Dogpatch Press

Fluff Pieces Every Week

What is furry music? Q&A with Matthew Ebel and Microdile

by Patch O'Furr

Part 1 of this series of short Q&A’s asked: what defines “furry music”? Furry dance parties are one of the strongest real life furry movements besides conventions. In a growing fandom, con stages now use millions in equipment and are the crossroads for congoers. Sound is half of the performances and videos furries love. But music isn’t exactly made by animals, it isn’t visual, and it’s an ineffable experience to even write about. “Furry” isn’t really a music genre, but it matters enough to fandom that it’s worth treating it like one for a deeper look. Start with a loose working definition: It overlaps with fandom, it’s made with furries, or it shares a general theme. Then comes the fun part of asking musicians about it. (See part 1 for the full list):

  1. Are you a furry musician?
  2. What is furry music?
  3. Can you share a cool fact or story about your music?

Matthew Ebel: Piano Rock singer-songwriter who recently branched out as EDM/progressive house act Avian Invasion, beloved by audiences over many years as a convention mainstay. 

  • Yup, definitely a Furry musician. If playing shows at cons for the last 12 years wasn’t definitive enough, now I play on club stages in a bird mask. Pretty sure that’s enough evidence to convict.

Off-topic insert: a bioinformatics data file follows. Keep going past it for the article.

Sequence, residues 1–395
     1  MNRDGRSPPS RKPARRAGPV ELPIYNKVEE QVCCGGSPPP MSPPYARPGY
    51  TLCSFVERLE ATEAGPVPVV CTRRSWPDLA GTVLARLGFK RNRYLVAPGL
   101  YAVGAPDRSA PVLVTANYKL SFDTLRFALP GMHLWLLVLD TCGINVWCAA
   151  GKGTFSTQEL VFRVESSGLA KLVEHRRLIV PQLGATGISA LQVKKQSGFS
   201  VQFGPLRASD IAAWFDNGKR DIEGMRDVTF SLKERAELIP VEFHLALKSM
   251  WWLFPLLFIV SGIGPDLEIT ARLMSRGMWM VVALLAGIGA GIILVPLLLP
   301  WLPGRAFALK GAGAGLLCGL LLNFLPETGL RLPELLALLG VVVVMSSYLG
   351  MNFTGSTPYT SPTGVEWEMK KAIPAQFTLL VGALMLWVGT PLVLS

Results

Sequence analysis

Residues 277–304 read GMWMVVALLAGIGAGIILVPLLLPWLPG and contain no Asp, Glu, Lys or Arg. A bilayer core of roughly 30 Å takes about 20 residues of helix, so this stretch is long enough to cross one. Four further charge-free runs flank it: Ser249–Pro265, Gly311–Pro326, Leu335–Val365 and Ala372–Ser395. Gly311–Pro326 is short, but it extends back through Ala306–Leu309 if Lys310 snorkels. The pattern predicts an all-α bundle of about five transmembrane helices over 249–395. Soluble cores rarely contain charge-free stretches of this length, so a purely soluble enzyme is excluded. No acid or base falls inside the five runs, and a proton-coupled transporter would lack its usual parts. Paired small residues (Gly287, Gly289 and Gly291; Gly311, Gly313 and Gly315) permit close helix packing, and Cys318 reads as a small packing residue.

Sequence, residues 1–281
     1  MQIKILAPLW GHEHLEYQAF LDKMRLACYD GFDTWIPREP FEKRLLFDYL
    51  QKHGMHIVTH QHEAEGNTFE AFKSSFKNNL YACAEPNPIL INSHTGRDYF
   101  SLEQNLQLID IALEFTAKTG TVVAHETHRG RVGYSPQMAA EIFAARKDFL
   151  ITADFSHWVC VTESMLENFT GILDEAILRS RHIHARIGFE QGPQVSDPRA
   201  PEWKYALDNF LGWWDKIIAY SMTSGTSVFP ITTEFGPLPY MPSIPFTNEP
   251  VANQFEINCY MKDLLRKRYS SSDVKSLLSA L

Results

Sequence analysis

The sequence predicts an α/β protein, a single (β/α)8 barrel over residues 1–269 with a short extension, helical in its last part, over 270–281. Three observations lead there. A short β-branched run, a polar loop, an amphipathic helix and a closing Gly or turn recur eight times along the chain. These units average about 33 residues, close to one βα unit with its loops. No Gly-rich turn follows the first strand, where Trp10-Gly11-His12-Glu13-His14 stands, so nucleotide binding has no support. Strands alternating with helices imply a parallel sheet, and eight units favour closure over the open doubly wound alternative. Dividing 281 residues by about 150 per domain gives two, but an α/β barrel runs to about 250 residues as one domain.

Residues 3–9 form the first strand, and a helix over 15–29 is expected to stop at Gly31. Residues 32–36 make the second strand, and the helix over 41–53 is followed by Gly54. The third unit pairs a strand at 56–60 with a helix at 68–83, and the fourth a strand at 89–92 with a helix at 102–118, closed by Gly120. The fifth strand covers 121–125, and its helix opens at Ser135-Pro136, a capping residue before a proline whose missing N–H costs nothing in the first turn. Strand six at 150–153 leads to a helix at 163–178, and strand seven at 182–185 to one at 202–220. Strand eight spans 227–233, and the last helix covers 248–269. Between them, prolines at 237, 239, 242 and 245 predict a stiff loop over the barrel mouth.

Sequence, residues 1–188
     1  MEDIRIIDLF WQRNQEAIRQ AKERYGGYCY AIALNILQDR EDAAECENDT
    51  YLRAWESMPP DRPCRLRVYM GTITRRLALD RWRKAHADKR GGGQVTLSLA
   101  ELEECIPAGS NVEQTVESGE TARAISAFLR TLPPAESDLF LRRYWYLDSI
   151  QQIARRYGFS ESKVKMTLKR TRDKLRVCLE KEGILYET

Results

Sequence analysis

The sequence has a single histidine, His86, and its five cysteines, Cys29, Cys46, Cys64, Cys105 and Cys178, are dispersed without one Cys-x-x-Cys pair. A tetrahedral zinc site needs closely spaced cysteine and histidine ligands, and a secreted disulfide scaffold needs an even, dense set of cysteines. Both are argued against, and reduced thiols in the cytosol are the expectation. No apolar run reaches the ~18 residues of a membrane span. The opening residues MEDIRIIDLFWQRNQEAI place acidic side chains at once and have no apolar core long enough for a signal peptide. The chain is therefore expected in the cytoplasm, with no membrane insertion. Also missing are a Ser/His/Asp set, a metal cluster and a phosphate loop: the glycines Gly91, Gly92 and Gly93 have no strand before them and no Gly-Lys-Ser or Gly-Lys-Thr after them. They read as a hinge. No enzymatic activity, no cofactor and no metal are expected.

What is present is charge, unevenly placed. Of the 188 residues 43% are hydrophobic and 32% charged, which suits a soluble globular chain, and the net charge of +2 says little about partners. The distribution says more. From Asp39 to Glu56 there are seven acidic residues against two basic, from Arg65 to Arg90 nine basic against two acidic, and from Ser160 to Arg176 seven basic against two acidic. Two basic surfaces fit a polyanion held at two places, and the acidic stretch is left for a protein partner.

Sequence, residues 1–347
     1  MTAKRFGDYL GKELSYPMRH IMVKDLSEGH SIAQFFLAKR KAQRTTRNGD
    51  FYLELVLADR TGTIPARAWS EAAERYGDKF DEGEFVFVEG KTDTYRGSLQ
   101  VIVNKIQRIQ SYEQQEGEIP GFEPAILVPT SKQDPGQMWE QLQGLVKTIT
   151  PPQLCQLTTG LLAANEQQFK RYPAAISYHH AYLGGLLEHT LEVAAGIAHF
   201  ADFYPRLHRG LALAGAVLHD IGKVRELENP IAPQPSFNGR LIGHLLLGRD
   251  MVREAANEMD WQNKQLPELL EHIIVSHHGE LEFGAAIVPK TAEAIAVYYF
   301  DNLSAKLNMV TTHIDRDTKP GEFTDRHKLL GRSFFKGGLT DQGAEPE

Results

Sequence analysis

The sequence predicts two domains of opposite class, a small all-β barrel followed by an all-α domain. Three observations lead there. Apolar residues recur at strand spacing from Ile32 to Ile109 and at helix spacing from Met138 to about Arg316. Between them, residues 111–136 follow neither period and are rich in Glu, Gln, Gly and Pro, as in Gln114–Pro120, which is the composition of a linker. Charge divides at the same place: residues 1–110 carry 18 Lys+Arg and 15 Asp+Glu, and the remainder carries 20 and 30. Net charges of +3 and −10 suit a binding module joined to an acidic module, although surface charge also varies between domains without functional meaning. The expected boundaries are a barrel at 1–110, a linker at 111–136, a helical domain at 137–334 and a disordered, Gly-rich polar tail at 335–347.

• Furry music is, in my opinion, separate from Furry musicians. There are plenty of proud Furry musicians who don’t write songs about the fandom or animals… Furry music is, like all furry art, something that expresses the creator’s particular affinity for critter characters.
  • I once had a talk radio network in South Africa use one of my songs as their network theme song for two or three years. I didn’t bother telling them the whole album was written about The Hitchhiker’s Guide to the Galaxy… I’m pretty sure that would’ve just weirded them right the fuck out.

Microdile (AKA Audiodile): Music producer and fursuiter in California with prolific mixing and DJ experience.

  • What is furry music? I guess it depends on how you want to define it, to many I think it would mean music with some kind of thematic element that reflects the things we celebrate: animals, being an animal, animalistic traits and wordplay. I think by that definition, it can be tricky to be clever and eloquent without unintentionally veering into the cliche or naive. To be fair, shortly after I entered the fandom many years ago, I wrote a poem that I wanted to be grand and meaningful and in reflection contains some cringy moments I am embarrassed of now, so I think sometimes an honest sentiment can be heartfelt and still not exactly of high quality.